C’bean working to keep region free of polio
SAN JUAN, Puerto Rico (AP) — Authorities in the Dominican Republic say the death toll from an explosion at a plastics company has risen to four.
A statement from the National Health Service also says that the number of injured has risen to 66, with five people in critical condition following Wednesday’s blast in the capital of Santo Domingo.
The sub-director of the Emergency Operations Center told The Associated Press yesterday that two people are still missing. Edwin Olivares also said that officials have not been able to identify two of the four victims.
He said many workers survived the large explosion at the Polyplas company because they followed security protocols.
Business owner Manuel Diez Cabral tweeted that 98 per cent of staff members were evacuated following what he said was an “uncontrollable” gas leak. GUATEMALA CITY, Guatemala (CMC) — The Pan American Health Organization (PAHO) says Caribbean countries are seeking to consolidate measures to maintain elimination and avoid reintroduction of poliomyelitis, or polio as it is commonly called.
PAHO said that the region of the Americas registered its last case of polio in 1991, and, in 1994, was the first in the world to receive certification from the World Health Organization (WHO) as free of the disease.
“As long as there is even one infected child, children in all countries are at risk of contracting polio,” said Cuauhtémoc Ruizmatus, PAHO’S chief of the Comprehensive Family Immunization Unit, during the inauguration here of the sixth Regional Meeting on Polio: “On the way to global certification”, which took place yesterday.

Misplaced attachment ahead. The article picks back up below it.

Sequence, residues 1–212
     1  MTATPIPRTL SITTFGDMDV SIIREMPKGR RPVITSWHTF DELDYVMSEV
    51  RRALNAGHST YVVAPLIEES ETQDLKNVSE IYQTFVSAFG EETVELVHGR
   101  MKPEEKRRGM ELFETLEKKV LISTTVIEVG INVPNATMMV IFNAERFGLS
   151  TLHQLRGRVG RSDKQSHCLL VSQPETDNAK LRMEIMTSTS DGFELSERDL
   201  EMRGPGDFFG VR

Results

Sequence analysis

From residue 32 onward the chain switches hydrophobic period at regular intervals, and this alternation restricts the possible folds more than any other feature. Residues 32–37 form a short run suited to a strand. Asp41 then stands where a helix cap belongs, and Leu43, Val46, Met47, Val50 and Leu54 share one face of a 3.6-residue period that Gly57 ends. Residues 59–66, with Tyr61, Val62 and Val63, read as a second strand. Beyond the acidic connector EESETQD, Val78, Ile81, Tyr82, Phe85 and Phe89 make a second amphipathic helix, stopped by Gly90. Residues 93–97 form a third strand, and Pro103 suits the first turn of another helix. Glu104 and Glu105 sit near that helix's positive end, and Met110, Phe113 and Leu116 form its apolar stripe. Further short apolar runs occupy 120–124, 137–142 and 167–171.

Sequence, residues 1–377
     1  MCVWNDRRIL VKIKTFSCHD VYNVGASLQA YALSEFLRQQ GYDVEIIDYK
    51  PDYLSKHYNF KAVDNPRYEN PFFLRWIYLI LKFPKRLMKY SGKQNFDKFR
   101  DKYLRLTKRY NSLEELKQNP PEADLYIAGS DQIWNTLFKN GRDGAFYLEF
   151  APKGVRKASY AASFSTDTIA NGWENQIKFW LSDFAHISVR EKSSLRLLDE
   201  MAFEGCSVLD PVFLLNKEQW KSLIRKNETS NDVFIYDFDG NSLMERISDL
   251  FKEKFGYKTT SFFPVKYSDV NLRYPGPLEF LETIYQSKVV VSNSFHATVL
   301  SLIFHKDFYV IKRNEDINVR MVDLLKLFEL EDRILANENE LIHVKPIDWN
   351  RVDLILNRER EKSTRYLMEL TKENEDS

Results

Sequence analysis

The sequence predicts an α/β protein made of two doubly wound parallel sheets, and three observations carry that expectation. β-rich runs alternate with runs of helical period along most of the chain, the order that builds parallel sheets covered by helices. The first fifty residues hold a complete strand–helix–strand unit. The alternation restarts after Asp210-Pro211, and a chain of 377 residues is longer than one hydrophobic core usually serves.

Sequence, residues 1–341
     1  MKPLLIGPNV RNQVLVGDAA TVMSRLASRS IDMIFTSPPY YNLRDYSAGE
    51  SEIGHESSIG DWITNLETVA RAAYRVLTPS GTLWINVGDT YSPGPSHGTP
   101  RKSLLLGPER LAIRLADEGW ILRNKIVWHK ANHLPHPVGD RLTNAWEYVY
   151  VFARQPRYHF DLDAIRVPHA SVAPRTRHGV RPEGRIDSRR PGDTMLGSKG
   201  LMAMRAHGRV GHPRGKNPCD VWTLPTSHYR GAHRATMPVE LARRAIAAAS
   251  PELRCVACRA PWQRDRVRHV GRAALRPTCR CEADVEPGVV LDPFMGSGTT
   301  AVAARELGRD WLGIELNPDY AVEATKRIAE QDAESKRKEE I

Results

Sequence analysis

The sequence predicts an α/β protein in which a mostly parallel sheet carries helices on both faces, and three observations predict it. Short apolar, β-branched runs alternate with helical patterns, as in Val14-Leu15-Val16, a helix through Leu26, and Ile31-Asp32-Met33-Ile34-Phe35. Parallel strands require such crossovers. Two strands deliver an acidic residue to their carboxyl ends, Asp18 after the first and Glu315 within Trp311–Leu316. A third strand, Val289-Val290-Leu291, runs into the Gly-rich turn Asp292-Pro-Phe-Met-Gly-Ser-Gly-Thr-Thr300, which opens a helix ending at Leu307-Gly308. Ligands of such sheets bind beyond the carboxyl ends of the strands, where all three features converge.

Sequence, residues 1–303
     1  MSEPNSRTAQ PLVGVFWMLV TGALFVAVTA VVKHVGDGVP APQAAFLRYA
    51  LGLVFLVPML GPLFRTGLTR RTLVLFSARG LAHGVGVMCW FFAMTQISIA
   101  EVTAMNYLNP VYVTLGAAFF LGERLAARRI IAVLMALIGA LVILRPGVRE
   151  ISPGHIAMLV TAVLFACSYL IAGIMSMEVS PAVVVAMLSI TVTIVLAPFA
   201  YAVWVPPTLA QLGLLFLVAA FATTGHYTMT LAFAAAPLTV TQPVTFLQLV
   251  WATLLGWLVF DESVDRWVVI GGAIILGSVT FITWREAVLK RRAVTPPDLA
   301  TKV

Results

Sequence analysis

PAHO said poliomyelitis is a highly contagious disease caused by a virus that invades the nervous system and can cause paralysis in a matter of hours.
It said while it has no cure, it can be prevented through vaccination. Children under the age of five are the most affected.
PAHO said cases of poliomyelitis have decreased by more than 99 per cent globally, from an estimated 350,000 in 1988 in more than 125 endemic countries, to 27 reported so far in 2018.
However, PAHO said it is estimated that, if the goal of global eradication is not reached, there would be a resurgence around the world within 10 years that could generate 200,000 new cases per year.
Rosamund Lewis, team leader of the Strategic Planning and Analysis, Polio Operations and Research Unit at WHO, said that “the world must thank the region of the Americas for its patience, for being the first to eliminate polio and for continuing to wait for the rest of the world”.
Lewis said that there are challenges to reaching every child with vaccination and achieving global certification for elimination.
black plume of smoke A rises after an explosion at the Polyplas plant in the Villas Agricolas neighbourhood inSanto Domingo, on Dominican Republic, Wednesday.